|Other Names||Arrestin domain-containing protein 3, TBP-2-like inducible membrane protein, TLIMP, ARRDC3, KIAA1376|
|Format||Synthetic peptide was lyophilized with 100% acetonitrile and is supplied as a powder. Reconstitute with 0.1 ml DI water for a final concentration of 1 mg/ml.|
|Storage||Maintain refrigerated at 2-8°C for up to 6 months. For long term storage store at -20°C.|
|Precautions||This product is for research use only. Not for use in diagnostic or therapeutic procedures.|
|Function||Adapter protein that plays a role in regulating cell- surface expression of adrenergic receptors and probably also other G protein-coupled receptors (PubMed:20559325, PubMed:21982743, PubMed:23208550). Plays a role in NEDD4-mediated ubiquitination and endocytosis af activated ADRB2 and subsequent ADRB2 degradation (PubMed:20559325, PubMed:23208550). May recruit NEDD4 to ADRB2 (PubMed:20559325). Alternatively, may function as adapter protein that does not play a major role in recruiting NEDD4 to ADRB2, but rather plays a role in a targeting ADRB2 to endosomes (PubMed:23208550).|
|Cellular Location||Cytoplasm. Cell membrane; Peripheral membrane protein; Cytoplasmic side. Lysosome Endosome. Early endosome Note=Associated with plasma membrane, as well as with endosomes and lysosomes during endocytosis (PubMed:16269462, PubMed:23208550, PubMed:20559325).|
|Tissue Location||Highly expressed in skeletal muscle, placenta, kidney, lung, liver, blood, adrenal gland, lymph node, mammary gland, thyroid, and trachea (PubMed:16269462, PubMed:21982743) Very low levels in colon, thymus, spleen, small intestine, bladder and bone marrow (PubMed:16269462). Strong expression in differentiated adipocytes compared to preadipocytes (PubMed:16269462). Detected in omental fat and subcutaneous fat tissue (PubMed:21982743).|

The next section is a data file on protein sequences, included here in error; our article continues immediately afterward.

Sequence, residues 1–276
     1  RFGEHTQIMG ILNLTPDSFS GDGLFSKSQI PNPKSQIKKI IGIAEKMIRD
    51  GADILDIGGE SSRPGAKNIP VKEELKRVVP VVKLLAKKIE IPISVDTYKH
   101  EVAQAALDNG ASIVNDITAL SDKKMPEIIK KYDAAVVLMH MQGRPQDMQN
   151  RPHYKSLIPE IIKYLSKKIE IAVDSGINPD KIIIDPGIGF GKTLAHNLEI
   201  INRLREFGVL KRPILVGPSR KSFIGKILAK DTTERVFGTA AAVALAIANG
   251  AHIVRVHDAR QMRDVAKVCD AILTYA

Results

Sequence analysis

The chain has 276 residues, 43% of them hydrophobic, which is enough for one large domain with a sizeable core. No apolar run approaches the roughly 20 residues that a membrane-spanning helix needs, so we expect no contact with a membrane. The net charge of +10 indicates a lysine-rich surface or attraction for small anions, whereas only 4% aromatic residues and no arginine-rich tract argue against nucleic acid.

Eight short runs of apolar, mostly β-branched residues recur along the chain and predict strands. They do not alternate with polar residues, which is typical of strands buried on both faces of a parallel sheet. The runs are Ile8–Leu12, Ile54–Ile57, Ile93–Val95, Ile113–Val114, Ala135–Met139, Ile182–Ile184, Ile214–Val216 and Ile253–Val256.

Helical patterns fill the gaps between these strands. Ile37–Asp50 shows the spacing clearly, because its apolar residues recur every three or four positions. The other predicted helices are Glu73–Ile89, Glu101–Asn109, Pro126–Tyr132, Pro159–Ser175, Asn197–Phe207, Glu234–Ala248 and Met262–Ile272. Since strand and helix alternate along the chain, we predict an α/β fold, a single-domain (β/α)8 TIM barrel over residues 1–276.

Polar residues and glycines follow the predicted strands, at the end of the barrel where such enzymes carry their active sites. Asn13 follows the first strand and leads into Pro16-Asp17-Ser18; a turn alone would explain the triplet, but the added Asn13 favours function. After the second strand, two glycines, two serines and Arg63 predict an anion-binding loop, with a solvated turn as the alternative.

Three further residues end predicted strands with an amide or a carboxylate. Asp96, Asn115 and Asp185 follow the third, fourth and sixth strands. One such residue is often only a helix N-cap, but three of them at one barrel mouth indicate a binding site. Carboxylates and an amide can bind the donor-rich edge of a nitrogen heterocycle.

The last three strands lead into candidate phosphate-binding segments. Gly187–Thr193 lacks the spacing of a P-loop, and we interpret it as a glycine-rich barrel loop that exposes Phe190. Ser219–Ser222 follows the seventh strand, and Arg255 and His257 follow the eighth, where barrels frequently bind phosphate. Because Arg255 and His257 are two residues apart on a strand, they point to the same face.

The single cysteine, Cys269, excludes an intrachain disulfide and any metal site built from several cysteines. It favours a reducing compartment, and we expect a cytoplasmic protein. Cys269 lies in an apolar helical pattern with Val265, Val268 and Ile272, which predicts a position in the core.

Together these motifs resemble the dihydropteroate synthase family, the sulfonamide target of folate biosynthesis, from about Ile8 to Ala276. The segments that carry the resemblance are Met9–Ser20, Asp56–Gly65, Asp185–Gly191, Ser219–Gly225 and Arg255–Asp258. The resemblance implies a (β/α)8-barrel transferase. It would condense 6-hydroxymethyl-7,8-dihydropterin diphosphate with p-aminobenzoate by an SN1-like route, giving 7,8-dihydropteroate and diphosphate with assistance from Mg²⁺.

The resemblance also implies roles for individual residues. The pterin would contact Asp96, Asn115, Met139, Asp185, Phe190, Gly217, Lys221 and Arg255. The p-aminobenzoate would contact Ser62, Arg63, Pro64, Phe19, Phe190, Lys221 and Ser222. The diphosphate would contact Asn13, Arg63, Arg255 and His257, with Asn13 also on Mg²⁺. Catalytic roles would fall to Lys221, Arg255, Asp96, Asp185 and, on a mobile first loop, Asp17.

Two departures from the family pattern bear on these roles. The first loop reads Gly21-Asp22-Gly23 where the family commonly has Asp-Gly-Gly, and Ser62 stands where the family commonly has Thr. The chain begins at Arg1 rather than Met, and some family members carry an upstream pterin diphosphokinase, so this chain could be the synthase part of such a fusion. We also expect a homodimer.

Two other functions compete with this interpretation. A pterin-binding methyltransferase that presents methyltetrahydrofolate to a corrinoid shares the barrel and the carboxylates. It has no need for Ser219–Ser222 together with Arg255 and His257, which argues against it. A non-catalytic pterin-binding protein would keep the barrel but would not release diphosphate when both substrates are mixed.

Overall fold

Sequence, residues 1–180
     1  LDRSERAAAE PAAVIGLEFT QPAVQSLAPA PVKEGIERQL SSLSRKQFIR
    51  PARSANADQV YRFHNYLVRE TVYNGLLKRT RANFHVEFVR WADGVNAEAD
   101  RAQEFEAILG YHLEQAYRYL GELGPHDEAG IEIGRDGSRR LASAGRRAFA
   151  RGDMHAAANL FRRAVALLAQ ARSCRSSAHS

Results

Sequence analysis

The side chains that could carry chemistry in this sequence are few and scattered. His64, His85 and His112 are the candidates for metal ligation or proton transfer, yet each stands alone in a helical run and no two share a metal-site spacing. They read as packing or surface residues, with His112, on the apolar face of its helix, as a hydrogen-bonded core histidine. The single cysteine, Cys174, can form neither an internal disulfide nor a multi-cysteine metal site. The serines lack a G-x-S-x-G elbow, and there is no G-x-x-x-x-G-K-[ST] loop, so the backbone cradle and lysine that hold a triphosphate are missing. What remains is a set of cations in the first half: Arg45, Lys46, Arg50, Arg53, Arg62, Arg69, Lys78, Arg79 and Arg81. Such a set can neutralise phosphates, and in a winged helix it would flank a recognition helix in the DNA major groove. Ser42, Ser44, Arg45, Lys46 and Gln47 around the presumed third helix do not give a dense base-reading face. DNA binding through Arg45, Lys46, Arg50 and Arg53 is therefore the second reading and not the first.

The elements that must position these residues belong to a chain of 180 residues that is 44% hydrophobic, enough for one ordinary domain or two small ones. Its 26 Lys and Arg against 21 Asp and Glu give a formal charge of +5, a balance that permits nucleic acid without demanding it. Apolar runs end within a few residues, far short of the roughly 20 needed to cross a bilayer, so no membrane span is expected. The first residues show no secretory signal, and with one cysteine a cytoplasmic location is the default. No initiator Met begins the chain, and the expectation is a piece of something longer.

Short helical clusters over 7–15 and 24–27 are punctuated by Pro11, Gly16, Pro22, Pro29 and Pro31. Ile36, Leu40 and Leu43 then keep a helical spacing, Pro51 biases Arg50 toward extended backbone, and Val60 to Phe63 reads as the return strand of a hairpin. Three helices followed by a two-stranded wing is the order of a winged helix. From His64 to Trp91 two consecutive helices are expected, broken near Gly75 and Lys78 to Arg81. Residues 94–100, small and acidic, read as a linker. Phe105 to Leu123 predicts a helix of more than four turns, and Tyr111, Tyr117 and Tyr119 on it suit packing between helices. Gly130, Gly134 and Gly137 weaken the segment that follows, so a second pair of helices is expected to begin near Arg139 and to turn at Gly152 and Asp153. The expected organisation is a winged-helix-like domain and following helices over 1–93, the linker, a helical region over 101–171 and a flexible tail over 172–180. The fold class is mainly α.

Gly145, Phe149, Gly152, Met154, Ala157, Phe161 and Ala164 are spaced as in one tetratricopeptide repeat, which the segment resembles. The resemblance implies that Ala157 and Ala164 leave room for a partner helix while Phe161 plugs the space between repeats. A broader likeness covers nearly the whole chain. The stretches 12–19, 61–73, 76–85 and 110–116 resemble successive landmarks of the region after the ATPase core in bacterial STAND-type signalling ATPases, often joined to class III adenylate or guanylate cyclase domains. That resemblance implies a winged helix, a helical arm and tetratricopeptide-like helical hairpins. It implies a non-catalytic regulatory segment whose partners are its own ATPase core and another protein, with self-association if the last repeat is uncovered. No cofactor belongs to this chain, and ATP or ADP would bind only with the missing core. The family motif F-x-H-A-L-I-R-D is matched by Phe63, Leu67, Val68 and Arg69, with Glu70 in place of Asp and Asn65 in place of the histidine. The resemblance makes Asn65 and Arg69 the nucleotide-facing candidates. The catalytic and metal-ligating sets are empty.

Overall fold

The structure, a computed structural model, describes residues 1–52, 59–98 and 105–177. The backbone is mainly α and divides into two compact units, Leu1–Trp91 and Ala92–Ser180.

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Provided below are standard protocols that you may find useful for product applications.
The arrestins are a family of proteins that are important for regulating signal transduction within cells. Arrestins are part of a conserved two step mechanism for regulating the activity of G-protein coupled receptors (GPCRs). In response to a stimulus, GPCRs activate a heterotrimeric G protein. In order to turn off this response, or adapt to a constant stimulus, activated receptors need to be silenced. The first step is phosphorylation by a class of serine/threonine kinases called G protein coupled receptor kinases (GRKs). This phosphorylation specifically marks the activated receptor for arrestin binding. Once arrestin is bound to the receptor it is unable to signal further. Recent research continues to expand the known actions of arrestins, which can bind to other classes of receptors and can directly activate signaling pathways on their own.Different arrestins (visual arrestin (or Arrestin 1), beta-arrestin 1 (or Arrestin 2) and beta-arrestin 2 (or Arrestin 3) can reduce the activity of their target GPCRs in several different ways.
Davis, O.S., et al. Behav. Genet. 40(6):759-767(2010)Draheim, K.M., et al. Oncogene 29(36):5032-5047(2010)Nabhan, J.F., et al. EMBO Rep. 11(8):605-611(2010)Patwari, P., et al. J. Biol. Chem. 284(37):24996-25003(2009)Lamesch, P., et al. Genomics 89(3):307-315(2007)
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